Officers, K-9 praised for work, dedication

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BELLOWS FALLS — The Bellows Falls Police Department and its tracking dog, Caesar, were praised for their dedication and hard work over the weekend, ending in the apprehension of a suspect accused of two violent assaults, including one Friday afternoon in Bellows Falls.

During a regular meeting of the Bellows Falls Village Board of Trustees on Tuesday evening, Municipal Manager Wendy Harrison thanked the entire department, and the half-dozen officers as well as Caesar who were able to attend the evening meeting.

"I am proud of the officers for not giving up, for working together as an effective team and for their dedication to protecting the residents of the village," Harrison said.

She thanked Police Chief Ron Lake and Fire Chief Shaun McGinnis, who is also a police officer, as well as Sgt. David Bemis; Officer Mario Checchi and his dog Caesar; Cpl. Mike Keefe; Officer Joshua Paulette; Officer Ian Tuttle; Officer Noah Rheaume; Officer Joshua Parro; Officer Zak Tarvit and Dispatcher Alisha Beam.

"Thank you all very much for your service and your teamwork," she said, opening the meeting with her thanks.

Checchi and Caesar were accompanied to the meeting by Keefe, Paulette, Tuttle and Parro, as well as the two chiefs.

Later, a Bellows Falls parent, who had missed the early presentation by Harrison, said she wanted to talk about the weekend's manhunt. Verna Joslyn of Bellows Falls said her 10-year-old son was allowed to walk to his great-grandparents' home in the area where police were searching for John-Victor Wetherby.

She said her son wasn't scared because he didn't know what was going on. Joslyn said she plans on raising the issue with school officials as well.

Village President Deborah Wright, who is also a member of the Bellows Falls Union High School Board, and as a result, also of the Windham Northeast Supervisory Union, said she plans on raising the issue too. Wright, who has grandchildren in the village, said she was concerned as well.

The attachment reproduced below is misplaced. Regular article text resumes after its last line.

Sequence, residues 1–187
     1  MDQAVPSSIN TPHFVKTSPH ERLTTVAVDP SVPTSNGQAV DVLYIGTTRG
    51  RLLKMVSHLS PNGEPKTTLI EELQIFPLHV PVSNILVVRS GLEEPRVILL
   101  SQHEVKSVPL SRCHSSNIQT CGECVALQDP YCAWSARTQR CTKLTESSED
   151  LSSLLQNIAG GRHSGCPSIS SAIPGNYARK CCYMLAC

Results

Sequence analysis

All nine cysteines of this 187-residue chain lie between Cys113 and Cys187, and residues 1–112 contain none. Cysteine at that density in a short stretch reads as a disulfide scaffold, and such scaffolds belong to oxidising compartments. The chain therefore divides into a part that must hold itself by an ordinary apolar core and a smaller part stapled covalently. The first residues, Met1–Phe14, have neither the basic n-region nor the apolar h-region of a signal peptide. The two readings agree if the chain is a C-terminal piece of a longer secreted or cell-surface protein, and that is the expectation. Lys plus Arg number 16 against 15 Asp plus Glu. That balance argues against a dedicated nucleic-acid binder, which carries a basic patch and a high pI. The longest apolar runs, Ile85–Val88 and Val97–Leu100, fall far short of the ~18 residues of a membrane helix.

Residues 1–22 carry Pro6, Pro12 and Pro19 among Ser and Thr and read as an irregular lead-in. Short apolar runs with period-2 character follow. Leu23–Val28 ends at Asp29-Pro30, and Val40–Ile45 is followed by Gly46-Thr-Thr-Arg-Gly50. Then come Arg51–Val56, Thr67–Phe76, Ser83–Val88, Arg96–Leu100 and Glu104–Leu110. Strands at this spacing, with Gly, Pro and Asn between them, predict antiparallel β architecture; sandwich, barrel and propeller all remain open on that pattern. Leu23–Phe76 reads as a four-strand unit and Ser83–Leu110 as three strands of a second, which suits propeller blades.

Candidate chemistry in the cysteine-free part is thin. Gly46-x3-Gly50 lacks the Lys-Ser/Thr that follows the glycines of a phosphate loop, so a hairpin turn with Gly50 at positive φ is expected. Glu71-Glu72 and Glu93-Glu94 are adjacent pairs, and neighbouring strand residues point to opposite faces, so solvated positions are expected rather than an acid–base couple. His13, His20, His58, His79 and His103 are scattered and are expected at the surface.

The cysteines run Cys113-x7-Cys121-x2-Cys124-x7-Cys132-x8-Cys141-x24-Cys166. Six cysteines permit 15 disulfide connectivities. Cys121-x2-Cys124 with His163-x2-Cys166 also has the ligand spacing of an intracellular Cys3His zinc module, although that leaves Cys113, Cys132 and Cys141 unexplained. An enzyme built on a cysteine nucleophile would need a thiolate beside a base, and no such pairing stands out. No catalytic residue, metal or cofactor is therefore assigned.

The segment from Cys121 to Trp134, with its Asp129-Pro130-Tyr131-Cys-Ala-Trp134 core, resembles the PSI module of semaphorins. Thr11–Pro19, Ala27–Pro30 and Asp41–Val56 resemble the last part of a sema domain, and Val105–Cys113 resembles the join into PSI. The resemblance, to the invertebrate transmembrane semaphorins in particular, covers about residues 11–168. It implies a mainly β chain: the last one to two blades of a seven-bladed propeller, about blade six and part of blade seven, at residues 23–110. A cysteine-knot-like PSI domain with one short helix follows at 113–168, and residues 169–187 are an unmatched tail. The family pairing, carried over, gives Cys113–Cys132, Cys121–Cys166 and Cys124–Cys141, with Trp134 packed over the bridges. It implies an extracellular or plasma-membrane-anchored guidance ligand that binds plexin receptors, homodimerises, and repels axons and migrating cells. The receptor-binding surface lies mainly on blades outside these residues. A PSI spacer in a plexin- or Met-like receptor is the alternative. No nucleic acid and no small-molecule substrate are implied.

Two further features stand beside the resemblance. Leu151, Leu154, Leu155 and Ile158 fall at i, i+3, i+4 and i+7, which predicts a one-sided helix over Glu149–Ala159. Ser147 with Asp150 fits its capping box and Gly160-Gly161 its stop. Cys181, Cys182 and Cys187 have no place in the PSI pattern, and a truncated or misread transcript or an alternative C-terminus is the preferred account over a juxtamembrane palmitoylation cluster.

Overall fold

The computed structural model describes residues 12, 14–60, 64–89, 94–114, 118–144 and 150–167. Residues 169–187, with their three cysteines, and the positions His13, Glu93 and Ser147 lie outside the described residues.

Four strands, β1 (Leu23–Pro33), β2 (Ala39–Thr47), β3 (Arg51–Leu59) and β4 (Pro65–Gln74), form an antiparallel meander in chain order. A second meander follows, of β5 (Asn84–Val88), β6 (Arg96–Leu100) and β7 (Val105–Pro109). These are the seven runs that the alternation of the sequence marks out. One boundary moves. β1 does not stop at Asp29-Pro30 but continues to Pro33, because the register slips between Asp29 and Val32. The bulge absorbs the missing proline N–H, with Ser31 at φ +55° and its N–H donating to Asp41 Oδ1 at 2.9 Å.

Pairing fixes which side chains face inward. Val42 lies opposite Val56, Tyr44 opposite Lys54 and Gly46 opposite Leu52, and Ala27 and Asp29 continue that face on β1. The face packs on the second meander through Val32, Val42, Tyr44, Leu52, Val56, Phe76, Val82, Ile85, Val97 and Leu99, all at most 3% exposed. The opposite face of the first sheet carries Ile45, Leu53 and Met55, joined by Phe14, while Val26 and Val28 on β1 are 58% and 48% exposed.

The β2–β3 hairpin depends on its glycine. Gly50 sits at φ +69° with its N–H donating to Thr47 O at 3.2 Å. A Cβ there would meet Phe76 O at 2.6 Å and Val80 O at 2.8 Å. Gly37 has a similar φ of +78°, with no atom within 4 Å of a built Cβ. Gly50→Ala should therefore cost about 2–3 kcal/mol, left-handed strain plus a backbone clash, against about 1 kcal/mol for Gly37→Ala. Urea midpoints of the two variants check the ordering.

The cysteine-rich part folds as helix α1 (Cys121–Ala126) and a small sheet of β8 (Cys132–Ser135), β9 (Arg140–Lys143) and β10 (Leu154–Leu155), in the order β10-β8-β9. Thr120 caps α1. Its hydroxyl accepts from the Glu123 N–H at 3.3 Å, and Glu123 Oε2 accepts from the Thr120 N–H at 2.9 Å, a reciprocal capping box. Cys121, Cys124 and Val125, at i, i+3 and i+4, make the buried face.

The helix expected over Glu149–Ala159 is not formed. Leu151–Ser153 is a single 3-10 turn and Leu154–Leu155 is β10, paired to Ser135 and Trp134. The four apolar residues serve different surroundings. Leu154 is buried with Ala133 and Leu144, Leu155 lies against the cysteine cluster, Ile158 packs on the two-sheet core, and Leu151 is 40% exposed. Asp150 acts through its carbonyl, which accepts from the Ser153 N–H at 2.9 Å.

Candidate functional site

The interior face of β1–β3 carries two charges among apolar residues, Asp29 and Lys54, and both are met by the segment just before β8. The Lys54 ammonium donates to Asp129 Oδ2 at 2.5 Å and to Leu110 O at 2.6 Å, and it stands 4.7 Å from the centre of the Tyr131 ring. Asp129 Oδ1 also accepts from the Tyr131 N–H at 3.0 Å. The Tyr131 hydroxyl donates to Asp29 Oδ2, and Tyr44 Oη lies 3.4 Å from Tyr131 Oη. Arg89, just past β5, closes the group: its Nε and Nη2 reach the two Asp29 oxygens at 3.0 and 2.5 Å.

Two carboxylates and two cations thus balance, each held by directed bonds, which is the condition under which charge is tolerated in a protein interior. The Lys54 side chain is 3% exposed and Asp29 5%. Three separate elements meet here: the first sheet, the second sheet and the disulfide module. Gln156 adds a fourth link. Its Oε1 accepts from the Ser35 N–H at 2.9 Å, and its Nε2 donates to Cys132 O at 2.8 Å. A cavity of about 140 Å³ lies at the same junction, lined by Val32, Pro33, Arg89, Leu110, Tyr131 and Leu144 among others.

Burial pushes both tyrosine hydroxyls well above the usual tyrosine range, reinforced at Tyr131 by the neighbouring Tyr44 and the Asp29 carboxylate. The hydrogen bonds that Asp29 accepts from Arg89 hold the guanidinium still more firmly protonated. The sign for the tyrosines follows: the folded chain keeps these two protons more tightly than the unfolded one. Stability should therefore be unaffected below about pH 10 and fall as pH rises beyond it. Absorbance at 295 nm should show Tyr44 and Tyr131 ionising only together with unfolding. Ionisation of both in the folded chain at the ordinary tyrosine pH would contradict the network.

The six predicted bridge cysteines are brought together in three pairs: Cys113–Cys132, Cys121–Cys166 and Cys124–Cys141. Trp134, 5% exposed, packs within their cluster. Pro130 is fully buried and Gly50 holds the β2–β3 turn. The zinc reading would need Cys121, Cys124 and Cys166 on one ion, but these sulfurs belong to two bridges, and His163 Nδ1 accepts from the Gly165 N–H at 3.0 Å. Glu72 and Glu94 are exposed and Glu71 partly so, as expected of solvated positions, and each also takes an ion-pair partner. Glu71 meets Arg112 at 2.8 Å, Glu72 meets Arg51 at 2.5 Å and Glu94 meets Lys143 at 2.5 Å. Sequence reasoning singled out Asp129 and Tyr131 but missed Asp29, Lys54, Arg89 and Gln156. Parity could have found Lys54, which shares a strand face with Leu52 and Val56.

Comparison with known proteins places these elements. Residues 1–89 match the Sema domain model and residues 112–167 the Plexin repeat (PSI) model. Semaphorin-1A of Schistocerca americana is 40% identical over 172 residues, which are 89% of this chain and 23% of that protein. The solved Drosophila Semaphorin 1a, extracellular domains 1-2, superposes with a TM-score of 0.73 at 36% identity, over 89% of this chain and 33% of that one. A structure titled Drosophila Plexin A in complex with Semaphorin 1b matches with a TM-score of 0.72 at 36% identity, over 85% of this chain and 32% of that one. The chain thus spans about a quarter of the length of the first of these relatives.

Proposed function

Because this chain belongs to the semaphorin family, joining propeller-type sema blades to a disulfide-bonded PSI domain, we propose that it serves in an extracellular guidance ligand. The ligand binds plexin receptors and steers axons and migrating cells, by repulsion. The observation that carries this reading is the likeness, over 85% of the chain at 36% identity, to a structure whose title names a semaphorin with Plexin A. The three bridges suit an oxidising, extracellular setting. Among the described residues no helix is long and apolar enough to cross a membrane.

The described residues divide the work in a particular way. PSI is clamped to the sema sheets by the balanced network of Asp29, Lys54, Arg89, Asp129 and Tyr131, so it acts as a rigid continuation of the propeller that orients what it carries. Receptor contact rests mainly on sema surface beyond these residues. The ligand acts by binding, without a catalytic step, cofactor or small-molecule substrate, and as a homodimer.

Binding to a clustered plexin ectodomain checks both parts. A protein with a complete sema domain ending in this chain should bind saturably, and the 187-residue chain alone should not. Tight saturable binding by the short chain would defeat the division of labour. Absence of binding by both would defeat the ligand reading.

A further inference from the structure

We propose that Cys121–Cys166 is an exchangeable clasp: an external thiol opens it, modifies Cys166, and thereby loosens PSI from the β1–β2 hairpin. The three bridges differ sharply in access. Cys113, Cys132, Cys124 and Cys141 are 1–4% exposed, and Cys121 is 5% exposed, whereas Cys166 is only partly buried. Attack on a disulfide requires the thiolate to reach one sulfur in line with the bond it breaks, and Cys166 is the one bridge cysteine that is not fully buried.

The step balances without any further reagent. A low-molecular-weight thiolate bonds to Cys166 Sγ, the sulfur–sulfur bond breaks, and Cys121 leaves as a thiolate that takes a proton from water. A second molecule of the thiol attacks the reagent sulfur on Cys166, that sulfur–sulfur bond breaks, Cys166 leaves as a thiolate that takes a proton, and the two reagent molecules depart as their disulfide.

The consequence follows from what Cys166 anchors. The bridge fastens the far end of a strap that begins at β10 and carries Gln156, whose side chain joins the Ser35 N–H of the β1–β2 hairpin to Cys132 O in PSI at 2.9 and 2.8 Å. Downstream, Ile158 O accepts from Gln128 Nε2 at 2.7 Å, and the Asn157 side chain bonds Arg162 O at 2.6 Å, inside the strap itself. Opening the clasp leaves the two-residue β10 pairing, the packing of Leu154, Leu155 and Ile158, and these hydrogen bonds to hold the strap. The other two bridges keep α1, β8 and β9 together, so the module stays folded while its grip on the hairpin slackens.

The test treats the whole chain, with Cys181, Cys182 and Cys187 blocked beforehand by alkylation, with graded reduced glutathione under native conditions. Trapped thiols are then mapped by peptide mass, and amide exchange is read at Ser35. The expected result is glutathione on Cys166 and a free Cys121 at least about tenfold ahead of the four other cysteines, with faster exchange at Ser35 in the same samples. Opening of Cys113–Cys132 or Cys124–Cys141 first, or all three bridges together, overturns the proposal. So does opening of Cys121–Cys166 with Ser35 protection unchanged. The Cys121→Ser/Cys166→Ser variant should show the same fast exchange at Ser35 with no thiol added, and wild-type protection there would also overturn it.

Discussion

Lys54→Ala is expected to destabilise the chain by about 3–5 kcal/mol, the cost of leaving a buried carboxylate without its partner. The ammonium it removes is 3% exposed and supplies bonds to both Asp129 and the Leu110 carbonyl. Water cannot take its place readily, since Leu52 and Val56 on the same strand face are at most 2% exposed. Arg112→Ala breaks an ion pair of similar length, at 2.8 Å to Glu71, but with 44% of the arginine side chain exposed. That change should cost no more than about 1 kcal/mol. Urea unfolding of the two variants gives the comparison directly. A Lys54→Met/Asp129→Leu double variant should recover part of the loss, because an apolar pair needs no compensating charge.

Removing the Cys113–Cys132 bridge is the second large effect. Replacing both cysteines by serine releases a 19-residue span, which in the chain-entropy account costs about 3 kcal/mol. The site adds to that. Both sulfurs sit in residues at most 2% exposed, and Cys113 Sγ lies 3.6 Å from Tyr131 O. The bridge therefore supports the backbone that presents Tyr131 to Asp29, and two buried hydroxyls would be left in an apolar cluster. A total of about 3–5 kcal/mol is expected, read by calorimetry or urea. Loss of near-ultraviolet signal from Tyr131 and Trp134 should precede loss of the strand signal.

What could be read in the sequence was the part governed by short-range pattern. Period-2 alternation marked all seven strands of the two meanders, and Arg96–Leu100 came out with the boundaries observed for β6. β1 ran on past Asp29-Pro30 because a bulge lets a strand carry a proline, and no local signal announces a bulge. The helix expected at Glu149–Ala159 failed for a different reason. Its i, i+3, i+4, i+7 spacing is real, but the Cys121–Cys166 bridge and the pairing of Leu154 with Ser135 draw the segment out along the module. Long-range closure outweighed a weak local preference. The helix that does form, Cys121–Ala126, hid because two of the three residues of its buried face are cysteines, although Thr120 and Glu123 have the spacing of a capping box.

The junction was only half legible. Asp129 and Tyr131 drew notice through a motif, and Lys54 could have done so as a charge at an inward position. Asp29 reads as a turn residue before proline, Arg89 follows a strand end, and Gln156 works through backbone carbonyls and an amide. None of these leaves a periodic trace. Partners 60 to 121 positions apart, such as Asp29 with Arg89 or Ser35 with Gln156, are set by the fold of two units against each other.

"I don't understand why school was not in lockdown," said Joslyn. "Clearly, it should have been handled a little bit differently."

Joslyn said school officials told her that they had been advised there was no risk to children, but that school buses dropped children off in a different location. During Friday afternoon, police believed that Wetherby was holed up in a house on Hyde Street, and asked for help from the Vermont State Police tactical unit to find Wetherby in the vacant home. But when police entered the building, they didn't find Wetherby. He was discovered about six hours later after Bellows Falls police tracked Wetherby to a home on Cota Heights Road in Rockingham after midnight.

Lake didn't respond directly to Joslyn's concerns, but said the police department is looking into a mass notification system similar to the school's no-school system, in order to get the word out about potential serious situations. Earlier in the week, Lake said the department relied on social media to communicate with the public, and he said it was very effective.

Contact Susan Smallheer at ssmallheer@reformer.com or 802 254-2311, ext. 154.

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